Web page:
¶ 5 In response to the plaintiff's complaint, Marion County asserted as affirmative defenses contributory negligence, immunity under section 3-102 of the Tort Immunity Act (745 ILCS 10/3-102 (West 2006)), and immunity under section 2-201 of the Tort Immunity Act (745 ILCS 10/2-201 (West 2006)). Citing section 3-102 of the Tort Immunity Act (745 ILCS 10/3-102 (West 2006)), Marion County argued that it had neither actual nor constructive notice of the existence of the allegedly unsafe condition at a reasonably adequate time prior to the plaintiff's accident to take measures to remedy or protect against such conditions. In asserting immunity pursuant to section 2-201 of the Tort Immunity Act (745 ILCS 10/2-201 (West 2006)), Marion County asserted that it was not liable for injuries resulting from the Marion County highway engineer's act or omission in determining policy and exercising his discretion.

¶ 6 At the jury trial on October 11, 2011, the plaintiff presented the following pertinent evidence, viewed for our purposes in the light most favorable to the plaintiff.

¶ 7 In September 7, 2005, the plaintiff was driving eastbound on Kinoka Road in Marion County, Illinois. As he descended a hill, his truck abruptly shook, flipped, and rolled into a ditch. The plaintiff suffered injuries and was transported by ambulance to the hospital. After the accident, the plaintiff continued to experience sharp pains in his right shoulder and was unable to raise his arm.

¶ 8 On the day of the accident, the plaintiff returned to the accident scene with his son Donald. The plaintiff witnessed what he described as "nothing but bubbles" in the road. The plaintiff further described the road as "all ripples and spongy." The plaintiff testified that when he stood on the road and moved his feet, the road moved three feet in front, "like standing on a bowl of Jello." The plaintiff testified that the ripples were evident completely across the road and 50 to 75 feet going downhill. On cross-examination, the plaintiff acknowledged that he had to exit his vehicle to view the road's condition.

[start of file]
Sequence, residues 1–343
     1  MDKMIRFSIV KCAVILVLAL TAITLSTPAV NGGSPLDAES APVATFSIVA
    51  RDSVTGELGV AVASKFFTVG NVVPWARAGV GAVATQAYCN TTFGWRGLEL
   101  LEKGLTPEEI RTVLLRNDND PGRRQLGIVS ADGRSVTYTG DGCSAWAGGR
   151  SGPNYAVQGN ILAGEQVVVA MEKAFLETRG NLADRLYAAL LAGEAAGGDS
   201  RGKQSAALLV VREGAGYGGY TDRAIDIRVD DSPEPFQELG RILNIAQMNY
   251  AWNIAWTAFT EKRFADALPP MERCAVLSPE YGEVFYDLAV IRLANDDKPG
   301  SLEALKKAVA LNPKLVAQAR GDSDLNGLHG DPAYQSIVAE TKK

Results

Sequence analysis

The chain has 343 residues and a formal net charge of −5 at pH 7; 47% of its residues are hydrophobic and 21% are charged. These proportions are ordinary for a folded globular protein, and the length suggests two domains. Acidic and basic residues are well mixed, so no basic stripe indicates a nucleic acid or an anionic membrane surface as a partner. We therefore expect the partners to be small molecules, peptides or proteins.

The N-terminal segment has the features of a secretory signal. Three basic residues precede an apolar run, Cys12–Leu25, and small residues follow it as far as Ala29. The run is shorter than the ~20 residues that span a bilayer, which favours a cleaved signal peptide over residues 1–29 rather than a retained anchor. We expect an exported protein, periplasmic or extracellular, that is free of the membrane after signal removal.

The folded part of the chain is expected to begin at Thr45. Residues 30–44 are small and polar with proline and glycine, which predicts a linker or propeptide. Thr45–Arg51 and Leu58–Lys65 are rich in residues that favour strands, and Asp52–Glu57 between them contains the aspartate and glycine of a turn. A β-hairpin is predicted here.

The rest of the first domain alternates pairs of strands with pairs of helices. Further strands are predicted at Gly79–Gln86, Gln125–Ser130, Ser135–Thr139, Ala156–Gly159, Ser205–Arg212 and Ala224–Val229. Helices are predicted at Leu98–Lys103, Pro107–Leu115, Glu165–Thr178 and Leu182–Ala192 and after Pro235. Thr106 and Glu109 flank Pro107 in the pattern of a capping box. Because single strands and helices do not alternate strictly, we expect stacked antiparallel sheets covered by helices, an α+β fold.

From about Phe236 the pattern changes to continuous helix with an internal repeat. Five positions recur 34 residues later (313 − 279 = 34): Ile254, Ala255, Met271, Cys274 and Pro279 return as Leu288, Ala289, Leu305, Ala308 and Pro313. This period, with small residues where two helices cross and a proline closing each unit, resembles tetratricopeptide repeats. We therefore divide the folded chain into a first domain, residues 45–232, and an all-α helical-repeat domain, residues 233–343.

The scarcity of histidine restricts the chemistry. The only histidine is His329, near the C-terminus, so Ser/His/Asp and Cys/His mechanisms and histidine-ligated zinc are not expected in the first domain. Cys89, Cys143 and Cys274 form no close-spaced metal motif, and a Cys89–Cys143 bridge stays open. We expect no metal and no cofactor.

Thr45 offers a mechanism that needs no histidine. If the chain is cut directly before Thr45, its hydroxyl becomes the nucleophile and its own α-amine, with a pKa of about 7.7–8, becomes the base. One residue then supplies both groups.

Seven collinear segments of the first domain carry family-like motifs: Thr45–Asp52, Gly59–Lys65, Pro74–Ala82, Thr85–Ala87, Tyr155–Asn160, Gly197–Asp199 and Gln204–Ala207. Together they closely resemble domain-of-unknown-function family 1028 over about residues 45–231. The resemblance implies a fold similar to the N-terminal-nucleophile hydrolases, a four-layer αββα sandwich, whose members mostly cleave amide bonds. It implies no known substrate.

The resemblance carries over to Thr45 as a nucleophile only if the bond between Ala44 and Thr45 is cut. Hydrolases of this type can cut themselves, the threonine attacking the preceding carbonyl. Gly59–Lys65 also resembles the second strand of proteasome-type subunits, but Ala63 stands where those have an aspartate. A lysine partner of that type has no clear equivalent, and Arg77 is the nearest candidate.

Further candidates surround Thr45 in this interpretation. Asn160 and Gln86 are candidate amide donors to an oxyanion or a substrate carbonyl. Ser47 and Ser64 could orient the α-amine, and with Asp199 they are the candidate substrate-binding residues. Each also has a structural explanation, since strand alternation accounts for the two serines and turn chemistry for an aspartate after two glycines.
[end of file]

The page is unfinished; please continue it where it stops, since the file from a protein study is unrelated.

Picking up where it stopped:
¶ 9 Donald also described the road as "wavy," "spongy," and "mushy." Donald testified that when he stood on the roadway, it sank. Donald photographed the road, evidencing the ripples. The plaintiff returned the following day with his son Paul and took additional photographs, which were offered into evidence along with Donald's photos. Paul described the road as a "[w]ashboard [with] a ripple effect in the road." Paul testified that the road moved when stepped upon and that the defect in the roadway covered a 70-yard area.

ΒΆ 10 Jerry Cunningham, the Marion County highway engineer, testified that he was not aware of the plaintiff's accident until the following year. Jerry testified that Marion County was responsible for the condition of Kinoka Road, which experienced heavy semitruck traffic at the time of the plaintiff's accident. Jerry acknowledged that there were sections of the highway at issue, including the first mile of the accident location, that Marion County had been monitoring. Jerry testified that he was aware that the road condition described by the plaintiff may occur from "bleeding," which he had knowledge of in that area. Jerry testified that he would drive through the area and inspect it visually, stopping to look at anything unusual. Jerry testified that he last inspected the section of the area where the accident occurred by driving the roadway two days before the accident and that he did not observe anything unsafe. Jerry ...